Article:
Here are a few winter riding tips from the Portland Office of Transportation, a place where they know a thing or two about wet road conditions.
Stay Dry and Warm
You don’t need the latest and greatest cycling gear to get around town by bicycle. A decent rain jacket and pants are your best defense. They both cut down on wind and keep you dry. If you can afford it, GoreTex or other breathable fabric will keep the rain out and keep you from feeling clammy. Fenders are also a very good investment — they keep your clothes from getting gritty and dirty. Nice extras include waterproof gloves, a snug hood or cap, a synthetic layer next to your skin to wick away moisture, and rain booties to go over your shoes.
Use Front and Rear Bicycle Lights
Lights are required by law when riding after dark. A white light visible at least 500 feet to the front, and a red light or reflector visible at least 600 feet to the rear. These lights allow other people to see you from the back, front and side. For more visibility at night wear bright clothing, an orange vest, or use reflective tape. The more reflectors whether blinking, flashing or solid, the better.
Brake Early and Often
Allow plenty of stopping distance. Gently squeeze your brakes in the rain to clear the water from you brake pads before you need to stop.
Avoid Some Painted and Steel Road Surfaces and Leaves
Steel plates, sewer covers, grates and other metal can be very slick in the rain. For paint, Portland City crews use non-slick paint and plastics for bike lanes and bicycle markings (and those blue bike lanes); however, crosswalks and other painted surfaces can be slippery. Avoid using your brakes or turning on these painted surfaces and on leaves and oily spots.
Stay Out of the Puddles
While it is tempting to splash through puddles especially if you have really good rain gear, a puddle can disguise a very deep pothole.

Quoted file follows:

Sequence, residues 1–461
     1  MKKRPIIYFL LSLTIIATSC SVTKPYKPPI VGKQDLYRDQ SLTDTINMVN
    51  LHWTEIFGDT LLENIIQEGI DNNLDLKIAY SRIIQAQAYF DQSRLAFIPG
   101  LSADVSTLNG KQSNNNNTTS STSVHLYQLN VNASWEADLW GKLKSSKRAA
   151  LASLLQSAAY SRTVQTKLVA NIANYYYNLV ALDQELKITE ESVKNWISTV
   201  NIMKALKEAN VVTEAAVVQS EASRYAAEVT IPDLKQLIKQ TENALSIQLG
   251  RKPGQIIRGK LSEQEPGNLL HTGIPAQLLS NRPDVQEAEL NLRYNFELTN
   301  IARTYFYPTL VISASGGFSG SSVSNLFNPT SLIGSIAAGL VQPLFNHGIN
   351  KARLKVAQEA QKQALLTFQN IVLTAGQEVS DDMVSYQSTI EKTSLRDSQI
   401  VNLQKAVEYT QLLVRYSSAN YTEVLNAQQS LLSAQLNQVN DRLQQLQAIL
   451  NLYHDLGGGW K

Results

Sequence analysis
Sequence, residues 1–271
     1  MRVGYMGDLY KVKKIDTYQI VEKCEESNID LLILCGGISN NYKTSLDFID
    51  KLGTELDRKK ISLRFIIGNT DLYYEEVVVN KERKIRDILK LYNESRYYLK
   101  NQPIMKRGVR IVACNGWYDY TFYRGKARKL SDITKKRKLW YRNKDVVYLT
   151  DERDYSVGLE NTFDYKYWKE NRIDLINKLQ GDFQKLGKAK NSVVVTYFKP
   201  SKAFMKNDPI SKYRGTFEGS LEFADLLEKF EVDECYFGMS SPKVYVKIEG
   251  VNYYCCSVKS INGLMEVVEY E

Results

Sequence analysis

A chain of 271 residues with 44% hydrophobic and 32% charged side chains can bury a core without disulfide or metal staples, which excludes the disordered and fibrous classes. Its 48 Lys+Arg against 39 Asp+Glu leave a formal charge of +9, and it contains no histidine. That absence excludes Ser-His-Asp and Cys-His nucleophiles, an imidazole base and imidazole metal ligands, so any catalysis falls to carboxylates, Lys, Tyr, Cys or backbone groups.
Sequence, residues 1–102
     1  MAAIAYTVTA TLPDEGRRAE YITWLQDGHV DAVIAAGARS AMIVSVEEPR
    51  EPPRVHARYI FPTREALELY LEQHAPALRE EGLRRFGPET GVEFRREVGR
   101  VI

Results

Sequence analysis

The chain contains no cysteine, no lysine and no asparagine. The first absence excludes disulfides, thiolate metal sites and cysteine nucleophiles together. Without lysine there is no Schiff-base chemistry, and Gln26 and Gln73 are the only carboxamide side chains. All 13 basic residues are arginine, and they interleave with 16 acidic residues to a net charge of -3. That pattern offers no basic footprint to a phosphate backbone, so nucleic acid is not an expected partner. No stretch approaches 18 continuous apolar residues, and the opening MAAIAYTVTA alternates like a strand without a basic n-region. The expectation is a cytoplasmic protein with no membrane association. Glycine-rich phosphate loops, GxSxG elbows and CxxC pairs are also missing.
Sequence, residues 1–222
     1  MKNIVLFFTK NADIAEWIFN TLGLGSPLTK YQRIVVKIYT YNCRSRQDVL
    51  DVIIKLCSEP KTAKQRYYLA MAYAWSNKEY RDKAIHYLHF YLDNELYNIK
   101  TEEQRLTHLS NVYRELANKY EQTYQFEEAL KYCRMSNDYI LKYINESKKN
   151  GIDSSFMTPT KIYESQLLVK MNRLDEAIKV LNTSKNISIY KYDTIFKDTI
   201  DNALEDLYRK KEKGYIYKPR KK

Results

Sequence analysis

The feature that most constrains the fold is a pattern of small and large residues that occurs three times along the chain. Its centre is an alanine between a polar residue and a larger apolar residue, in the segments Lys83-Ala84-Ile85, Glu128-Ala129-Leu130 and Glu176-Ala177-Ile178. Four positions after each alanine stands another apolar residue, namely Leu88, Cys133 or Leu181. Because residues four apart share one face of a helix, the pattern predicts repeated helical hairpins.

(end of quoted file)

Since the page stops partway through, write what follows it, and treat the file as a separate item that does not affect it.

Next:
Slow Down on Newly Wet Roads
That first rain brings all the oil on the road to the surface making for a slippery ride. This is especially true after a long dry spell. Give yourself longer stopping distances and keep a firmer grip on your handlebars.
Probably the question we’re most frequently asked by our non-bicycling friends and colleagues is, “Why do you ride bicycles for transportation?”
Underpinning everything we do here at EcoVelo is the desire to reduce our dependence on the automobile while encouraging others to do the same. We strongly believe reducing automobile use can improve our neighborhoods, our cities, and ultimately, the world. While this is reason enough to leave our car in the garage, truth be told, there are other, more personal (selfish?) reasons why we ride bikes, including:
- the feeling of well-being that comes with physical activity in the out-of-doors;
- the tangible health benefits that come from daily exercise;
- the surprising amount of money that can be saved by eliminating an automobile;
- the greater connection with our community that comes from being out and exposed to our neighbors;